If you’ve recently had a baby, you’re probably not thinking about their career? Mind you, as I reflect back on the birth of my two daughters, I think there was some thought and fantasy given to how they’d impact the world, and from time to time my thoughts became quite specific in terms of industry, position and the numbers of zeros on their paycheck. Whether you’re spending any time thinking about your child’s career or not, it’s still a fascinating thought on a number of levels.
For example it would have been a massive error on the part of any parent in the early 1900’s had they been filling their child’s dreams of being a buggy-whip maker. As the world was about to discover, it didn’t matter how well you made buggy-whips, Henry Ford was going to put an entire industry to bed. Or before the 1960’s there were no photocopier technicians, and yet billions have been spent and made in this industry. Of course it doesn’t seem too far-fetched to imagine a photocopy-less world in the very near future.
Of course, a very real concern is around education. Is our Education Department thinking about these things? Are schools educating our children for their future or our current reality? As parents, what role can we play in preparing our children to be successful when they leave school?
So how does one determine what jobs will be in demand by 2025? One method is to simply extrapolate current trends and predict where they’ll end up. Work out the demand of the consumer, and you can take a fairly accurate guess at jobs available. You can also take current scientific breakthroughs that are nowhere close to being ready for human consumption, assess their probability of succeeding, and then create a scenario of a future market, and therefore what jobs may exist? And then of course you can also look at what we’re going to need (as a non-negotiable) in the future, and hope that we very creative human beings create it.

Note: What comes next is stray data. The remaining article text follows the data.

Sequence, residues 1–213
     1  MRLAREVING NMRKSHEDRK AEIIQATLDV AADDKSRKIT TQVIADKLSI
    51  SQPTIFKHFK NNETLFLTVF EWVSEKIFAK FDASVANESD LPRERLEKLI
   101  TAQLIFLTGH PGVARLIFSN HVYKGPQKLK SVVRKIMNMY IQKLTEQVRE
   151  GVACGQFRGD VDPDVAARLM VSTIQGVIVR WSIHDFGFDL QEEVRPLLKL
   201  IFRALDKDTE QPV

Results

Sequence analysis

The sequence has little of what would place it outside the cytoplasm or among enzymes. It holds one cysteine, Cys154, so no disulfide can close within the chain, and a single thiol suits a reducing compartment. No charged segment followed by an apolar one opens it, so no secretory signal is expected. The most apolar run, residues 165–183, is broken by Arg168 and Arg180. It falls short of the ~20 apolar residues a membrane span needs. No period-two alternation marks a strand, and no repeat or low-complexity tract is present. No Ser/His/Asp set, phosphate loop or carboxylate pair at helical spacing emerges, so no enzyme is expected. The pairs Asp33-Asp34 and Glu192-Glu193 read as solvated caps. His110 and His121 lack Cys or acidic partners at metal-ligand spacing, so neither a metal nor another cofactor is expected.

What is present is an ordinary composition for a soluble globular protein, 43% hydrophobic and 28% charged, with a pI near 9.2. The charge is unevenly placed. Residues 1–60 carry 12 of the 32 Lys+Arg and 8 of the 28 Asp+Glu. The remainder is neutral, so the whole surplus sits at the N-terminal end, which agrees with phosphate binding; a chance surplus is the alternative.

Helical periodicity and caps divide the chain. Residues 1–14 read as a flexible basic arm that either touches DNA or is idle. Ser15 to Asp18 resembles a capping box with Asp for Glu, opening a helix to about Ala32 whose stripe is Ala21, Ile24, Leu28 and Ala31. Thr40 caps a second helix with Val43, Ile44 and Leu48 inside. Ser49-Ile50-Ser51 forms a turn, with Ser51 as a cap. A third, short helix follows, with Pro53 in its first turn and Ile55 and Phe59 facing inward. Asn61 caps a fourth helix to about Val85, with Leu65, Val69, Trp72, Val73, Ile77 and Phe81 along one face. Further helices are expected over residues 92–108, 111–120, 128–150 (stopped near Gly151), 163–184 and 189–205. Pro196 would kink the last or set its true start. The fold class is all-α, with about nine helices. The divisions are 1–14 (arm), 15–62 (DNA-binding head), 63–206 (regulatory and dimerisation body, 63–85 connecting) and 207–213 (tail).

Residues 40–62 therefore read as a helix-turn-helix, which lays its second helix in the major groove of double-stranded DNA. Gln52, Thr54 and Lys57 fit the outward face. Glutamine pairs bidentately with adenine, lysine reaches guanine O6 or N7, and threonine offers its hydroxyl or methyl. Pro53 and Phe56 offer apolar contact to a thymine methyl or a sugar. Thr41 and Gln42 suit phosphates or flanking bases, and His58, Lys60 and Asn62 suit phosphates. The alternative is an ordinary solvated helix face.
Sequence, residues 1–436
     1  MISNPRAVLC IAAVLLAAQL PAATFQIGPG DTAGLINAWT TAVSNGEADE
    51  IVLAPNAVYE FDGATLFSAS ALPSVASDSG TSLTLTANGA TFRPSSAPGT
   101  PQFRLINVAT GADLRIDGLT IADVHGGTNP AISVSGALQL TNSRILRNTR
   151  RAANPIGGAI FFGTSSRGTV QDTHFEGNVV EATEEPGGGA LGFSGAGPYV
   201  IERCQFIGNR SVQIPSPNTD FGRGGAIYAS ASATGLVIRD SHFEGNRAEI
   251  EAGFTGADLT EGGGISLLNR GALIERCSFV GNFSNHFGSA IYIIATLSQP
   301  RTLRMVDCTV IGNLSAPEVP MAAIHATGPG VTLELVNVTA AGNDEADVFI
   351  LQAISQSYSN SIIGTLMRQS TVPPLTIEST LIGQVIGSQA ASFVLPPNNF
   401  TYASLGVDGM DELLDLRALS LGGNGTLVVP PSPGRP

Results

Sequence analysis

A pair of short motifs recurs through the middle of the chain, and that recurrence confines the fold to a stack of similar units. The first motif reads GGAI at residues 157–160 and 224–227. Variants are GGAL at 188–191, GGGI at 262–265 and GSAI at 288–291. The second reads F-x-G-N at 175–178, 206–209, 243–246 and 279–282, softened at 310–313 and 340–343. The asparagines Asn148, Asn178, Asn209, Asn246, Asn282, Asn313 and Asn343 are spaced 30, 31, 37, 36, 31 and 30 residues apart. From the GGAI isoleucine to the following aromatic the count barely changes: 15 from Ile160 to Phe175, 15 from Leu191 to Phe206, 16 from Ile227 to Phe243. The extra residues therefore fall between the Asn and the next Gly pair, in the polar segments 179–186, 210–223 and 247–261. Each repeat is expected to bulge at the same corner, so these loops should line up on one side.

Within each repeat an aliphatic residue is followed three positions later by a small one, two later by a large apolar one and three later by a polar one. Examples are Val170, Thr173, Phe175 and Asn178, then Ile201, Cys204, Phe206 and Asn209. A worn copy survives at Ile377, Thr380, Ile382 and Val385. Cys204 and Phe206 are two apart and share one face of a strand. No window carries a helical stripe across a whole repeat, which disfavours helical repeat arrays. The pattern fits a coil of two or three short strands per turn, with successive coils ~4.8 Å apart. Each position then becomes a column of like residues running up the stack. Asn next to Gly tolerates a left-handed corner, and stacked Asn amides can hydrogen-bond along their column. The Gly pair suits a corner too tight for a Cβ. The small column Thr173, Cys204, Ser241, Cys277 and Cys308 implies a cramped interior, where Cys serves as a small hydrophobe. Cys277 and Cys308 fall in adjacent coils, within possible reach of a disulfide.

Here are a couple I found really interesting from an article on SmartPlanet.com:
Body Part Maker – Create living body parts for athletes and soldiers.
While this sounds far-fetched and very sci-fi, there is enough evidence to suggest that this job will be a reality. Ian Goldin in his TED talk, suggests that by 2030 there will be no more special olympics based on our ability, by then, to regenerate human body parts.
Vertical Farmers: The future of farming is straight up. Vertical farms in urban areas could significantly increase food supply.
When one considers the challenge we have with a heavily populated world, where land is becoming more and more scarce, the only option we have is to ‘go up’. Horizontal growth in farming will soon no longer be an option. We’re going to have to find ways to grow our food vertically.
Weather Modification Police: If weather patterns can be altered and adversely affect other parts of the world, law enforcement will be needed to keep things legal.
The technology already exists to manipulate weather. Specifically rainfall. It’s not perfect and it doesn’t always get the results hoped for, but in a world in which countries can cause rain, or stop it, there are certainly going to be implications to their neighbours, next door and on the other side of the planet. Some sort of enforcement is going to be necessary when one country can flood another, or cause a drought.
Virtual clutter organizer: Now that your electronic life is more cluttered than your physical one, you’ll need someone to clean things up — including your e-mail, desktop and user accounts.
A high-tech maid if you like. As crazy as it seems, of the four I’ve mentioned this is the one I can least imagine. Perhaps it’s my ego expecting that I’ll always be able to manage myself digitally? I also imagine that this type of position, while not in demand now, is already showing signs of emerging with some people who struggle with their gadgets and technology.
Here are another five that I’ll simply list:
Let me end with a completely ‘left-field’ thought. A thought in which work and jobs almost completely cease to exist! It’s a quote from Metafuture.org, in an article, ‘Will our children have jobs in the future?’
“But there is a deeper problem that Jeremy Rifken in his classic book, ‘The End of Work’, has identified. Unless there is a sustained global depression, in the long run the most likely future is that of a jobless slow growth, where 20% work and 80% do something else. Training, job compacts and other solutions while important for the next 20 years, offer little for the long term. In that horizon, the real challenge will be seeing ourselves as more than workers. It is thinking of our futures in post-scarcity terms, discovering and creating that “something else.” Unless we can think of ourselves outside our historical work identities, we will enter a future world where the one thing that has defined us, not just the job, but work itself, won’t be available.”
P.S. I was recently interviewed on 702 on the Redi Tlhabi show around this topic. The show was recorded under Redi’s PodCast ‘The Best of Redi Tlhabi’. If you’d like to listen to the interview click here.